The request for applicants read in part: “The person chosen must be responsible, reliable, honest, and will never feel alone in the company of cats. And must have a heart of gold.” God’s Little People Cat Rescue was looking for a person to care for about 55 cats for six months in Syros, a Greek Island in the Cyclades. Almost 40,000 resumes were received from 83 different countries.
The association’s manager announced the choice: “We are 100 percent confident of our choice and we feel delighted and honored to introduce you to Jeffyne Telson, founder and president of ResQcats in Santa Barbara, California. She has successfully run her own cat rescue since 1997 and is a force to be reckoned with for the rescue, care, and adoption of stray and abandoned cats and kittens. Over the last 21 years she has rescued and found homes for almost 3,000 kittens and cats. I know she will bring a world of experience to our Greek rescue and I think the feeling is mutual when I say that I think we look forward to learning a lot from each other.”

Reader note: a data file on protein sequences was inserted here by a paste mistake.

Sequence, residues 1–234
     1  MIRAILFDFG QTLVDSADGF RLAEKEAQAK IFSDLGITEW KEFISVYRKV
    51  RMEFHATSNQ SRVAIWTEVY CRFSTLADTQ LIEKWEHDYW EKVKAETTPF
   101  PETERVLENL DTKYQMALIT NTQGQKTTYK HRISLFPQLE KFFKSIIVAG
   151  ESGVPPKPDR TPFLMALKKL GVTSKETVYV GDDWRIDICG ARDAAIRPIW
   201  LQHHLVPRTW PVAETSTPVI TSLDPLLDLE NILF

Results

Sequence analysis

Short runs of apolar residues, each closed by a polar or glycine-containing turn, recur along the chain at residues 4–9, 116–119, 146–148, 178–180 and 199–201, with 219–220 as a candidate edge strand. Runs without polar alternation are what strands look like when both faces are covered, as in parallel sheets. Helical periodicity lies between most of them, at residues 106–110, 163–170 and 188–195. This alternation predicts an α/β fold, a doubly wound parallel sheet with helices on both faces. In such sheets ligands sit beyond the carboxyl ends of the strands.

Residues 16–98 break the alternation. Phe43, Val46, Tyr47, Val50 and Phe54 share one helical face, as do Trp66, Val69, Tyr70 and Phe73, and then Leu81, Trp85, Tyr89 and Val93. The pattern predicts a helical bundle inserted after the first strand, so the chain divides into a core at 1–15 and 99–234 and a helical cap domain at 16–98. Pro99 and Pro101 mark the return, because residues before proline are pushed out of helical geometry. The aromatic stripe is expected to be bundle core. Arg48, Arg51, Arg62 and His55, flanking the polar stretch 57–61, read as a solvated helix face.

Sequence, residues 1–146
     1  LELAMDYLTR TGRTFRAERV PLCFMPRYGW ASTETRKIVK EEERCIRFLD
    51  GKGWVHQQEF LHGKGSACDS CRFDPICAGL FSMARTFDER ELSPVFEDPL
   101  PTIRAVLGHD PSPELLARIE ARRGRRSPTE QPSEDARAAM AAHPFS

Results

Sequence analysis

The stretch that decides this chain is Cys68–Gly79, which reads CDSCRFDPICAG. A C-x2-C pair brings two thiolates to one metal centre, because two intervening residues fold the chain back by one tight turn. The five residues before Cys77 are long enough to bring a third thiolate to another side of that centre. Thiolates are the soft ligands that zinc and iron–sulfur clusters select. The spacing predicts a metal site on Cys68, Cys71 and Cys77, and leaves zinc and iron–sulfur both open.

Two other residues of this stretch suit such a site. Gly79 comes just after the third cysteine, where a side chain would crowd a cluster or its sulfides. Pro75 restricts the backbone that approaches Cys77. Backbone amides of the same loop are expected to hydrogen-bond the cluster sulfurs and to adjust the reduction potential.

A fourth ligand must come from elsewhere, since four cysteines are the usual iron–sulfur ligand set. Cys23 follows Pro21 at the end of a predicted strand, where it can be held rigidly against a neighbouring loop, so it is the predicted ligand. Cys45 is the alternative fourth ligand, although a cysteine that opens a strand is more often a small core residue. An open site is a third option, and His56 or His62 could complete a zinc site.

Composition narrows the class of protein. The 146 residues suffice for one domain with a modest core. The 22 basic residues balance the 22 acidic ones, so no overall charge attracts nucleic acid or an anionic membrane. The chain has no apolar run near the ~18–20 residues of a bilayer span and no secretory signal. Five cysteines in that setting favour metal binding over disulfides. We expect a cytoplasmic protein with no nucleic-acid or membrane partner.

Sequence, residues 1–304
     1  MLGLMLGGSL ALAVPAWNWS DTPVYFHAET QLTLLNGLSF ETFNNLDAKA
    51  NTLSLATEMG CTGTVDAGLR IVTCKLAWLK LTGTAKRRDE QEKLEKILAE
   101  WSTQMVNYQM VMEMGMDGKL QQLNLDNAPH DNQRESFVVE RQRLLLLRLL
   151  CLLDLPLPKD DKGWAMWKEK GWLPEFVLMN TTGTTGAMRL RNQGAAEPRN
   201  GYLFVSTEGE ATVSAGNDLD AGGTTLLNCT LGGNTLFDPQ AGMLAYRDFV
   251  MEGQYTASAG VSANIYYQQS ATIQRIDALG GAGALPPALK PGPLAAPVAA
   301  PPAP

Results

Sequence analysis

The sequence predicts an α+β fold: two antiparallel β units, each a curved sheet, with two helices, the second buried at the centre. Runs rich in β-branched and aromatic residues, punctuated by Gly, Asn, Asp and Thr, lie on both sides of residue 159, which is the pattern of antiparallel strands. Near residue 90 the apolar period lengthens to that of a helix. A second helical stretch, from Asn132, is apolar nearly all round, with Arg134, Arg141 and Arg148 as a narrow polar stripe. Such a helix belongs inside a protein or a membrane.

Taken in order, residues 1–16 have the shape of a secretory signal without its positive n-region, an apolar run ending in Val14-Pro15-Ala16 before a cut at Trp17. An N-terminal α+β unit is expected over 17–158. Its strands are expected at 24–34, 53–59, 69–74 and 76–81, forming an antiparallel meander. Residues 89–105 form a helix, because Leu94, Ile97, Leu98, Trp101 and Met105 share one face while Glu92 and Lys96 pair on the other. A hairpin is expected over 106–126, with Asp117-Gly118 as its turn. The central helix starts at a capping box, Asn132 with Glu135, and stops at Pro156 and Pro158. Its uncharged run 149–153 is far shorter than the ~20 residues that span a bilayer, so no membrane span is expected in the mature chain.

Having personally met her, I know that Jeffyne (pronounced like Stephanie with a “J”) is a warm and dedicated force in the animal rescue world of Santa Barbara. Ordinarily, she uses the winter months to get rejuvenated at her home in Oregon, but this year she will go to Greece, and then return to Santa Barbara in the spring in time for kitten season. She anticipates that part of her work in Greece will be easier than in Santa Barbara: “Taking care of 55 cats in an outside sanctuary [in Siros] is very different from taking care of 60 cats in an indoor shelter [Santa Barbara]” that have enclosures that need cleaning. Furthermore, God’s Little People cats are adults rather than kittens and fewer of them are pregnant.
Spaying and neutering is “the core of any rescue” Jeffyne explains. Because kittens can get pregnant at only 6 months of age, it is easy for stray cat populations to escalate out of control. The Greek rescue chose Jeffyne in part due to her skills in treating cats with various conditions and her skills in medicating, administering fluids, and recognizing when a cat must be seen by a veterinarian.
In addition to a stipend, all expenses will be paid for Jeffyne’s six months on the island. She will have food and garden lodging with a view of the sea. Besides caring for the cats on the Greek island, Jeffyne will try to expand the sanctuary to new locations, help with fundraising, and probably hardest of all, try to change people’s view of cats. The local cultural attitude to cats is uncaring at best. Too often they are treated like vermin. But “if we treat animals well,” says Jeffyne, “we will start to treat people well too.”